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The American film industry transformed itself during the 1970s: a new order emerged out of the chaos of the former studio system. A new rating system freed directors to explore serious subjects but allowed for the expansion of exploitation films as well. So while unprecedented social and political commentary emanated from the film-school-trained "New Hollywood" auteurs, the bigger change was the major studios' embrace of sensationalist content, mass advertising, and saturation booking. The methods of fringe exploitation producers became the norm. Some of the films discussed in this book include: Five Easy Pieces, Chinatown, Carnal Knowledge, Straw Dogs, A Clockwork Orange, Mean Streets, The Conversation, Nashville, Shampoo, Taxi Driver, and Apocalypse Now.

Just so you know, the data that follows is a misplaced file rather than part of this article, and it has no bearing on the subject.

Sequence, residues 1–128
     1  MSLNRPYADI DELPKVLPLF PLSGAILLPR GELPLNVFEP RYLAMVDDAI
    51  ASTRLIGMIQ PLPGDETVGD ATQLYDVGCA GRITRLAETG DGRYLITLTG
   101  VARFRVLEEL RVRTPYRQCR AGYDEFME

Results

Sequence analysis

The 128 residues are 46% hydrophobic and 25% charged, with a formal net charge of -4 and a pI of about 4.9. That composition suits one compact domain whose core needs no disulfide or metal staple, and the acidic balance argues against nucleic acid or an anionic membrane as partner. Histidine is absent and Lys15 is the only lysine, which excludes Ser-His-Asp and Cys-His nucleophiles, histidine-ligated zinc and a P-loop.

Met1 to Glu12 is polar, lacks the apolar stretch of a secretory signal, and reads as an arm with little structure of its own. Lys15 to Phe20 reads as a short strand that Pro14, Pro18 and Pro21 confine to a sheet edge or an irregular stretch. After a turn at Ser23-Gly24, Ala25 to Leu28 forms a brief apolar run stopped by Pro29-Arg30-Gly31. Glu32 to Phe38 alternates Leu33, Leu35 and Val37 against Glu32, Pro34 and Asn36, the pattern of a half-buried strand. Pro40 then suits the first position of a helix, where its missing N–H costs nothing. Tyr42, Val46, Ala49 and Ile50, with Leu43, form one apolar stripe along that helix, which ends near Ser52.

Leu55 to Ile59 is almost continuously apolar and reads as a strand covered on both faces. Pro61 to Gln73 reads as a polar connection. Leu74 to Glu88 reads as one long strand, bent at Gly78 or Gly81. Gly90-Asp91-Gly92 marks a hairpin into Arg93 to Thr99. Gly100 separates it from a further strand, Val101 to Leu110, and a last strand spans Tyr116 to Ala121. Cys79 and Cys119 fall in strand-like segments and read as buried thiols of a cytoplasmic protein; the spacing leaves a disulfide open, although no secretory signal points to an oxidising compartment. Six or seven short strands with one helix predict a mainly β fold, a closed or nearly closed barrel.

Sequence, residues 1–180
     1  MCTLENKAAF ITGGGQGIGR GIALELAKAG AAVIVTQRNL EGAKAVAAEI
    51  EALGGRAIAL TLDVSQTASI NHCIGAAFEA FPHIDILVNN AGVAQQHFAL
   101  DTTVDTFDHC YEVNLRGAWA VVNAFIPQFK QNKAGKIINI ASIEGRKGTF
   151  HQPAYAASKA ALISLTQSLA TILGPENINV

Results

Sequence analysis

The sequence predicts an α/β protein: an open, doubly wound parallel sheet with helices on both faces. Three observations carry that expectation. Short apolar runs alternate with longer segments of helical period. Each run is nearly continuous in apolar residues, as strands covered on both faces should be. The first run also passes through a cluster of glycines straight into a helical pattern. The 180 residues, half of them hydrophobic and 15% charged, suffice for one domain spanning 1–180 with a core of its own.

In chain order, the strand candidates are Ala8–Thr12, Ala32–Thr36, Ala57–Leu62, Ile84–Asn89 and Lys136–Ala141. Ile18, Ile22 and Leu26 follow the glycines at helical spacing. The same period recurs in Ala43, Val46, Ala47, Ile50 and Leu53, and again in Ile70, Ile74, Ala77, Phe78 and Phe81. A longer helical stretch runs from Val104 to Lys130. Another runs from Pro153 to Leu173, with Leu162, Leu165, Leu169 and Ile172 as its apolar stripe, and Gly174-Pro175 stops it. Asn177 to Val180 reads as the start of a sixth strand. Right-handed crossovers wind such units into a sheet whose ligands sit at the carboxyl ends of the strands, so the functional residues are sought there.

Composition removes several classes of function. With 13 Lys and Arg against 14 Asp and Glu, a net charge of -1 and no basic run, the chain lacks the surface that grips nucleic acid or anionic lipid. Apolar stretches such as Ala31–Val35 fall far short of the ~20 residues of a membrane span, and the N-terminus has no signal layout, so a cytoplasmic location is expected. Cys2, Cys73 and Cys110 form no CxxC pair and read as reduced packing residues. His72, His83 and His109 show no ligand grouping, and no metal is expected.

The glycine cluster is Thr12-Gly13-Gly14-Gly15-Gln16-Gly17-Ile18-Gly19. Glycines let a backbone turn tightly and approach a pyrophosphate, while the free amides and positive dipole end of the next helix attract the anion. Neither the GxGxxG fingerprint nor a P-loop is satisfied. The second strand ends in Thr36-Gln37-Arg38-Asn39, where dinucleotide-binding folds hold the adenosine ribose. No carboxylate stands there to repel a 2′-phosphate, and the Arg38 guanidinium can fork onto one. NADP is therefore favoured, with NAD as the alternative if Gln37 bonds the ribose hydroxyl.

About the Author
David A. Cook is Founding Director of the Film Studies program at Emory University, where he is Professor of Film. He is the author of A History of Narrative Film and the "Motion Picture History" entry in the Encyclopedia Britannica.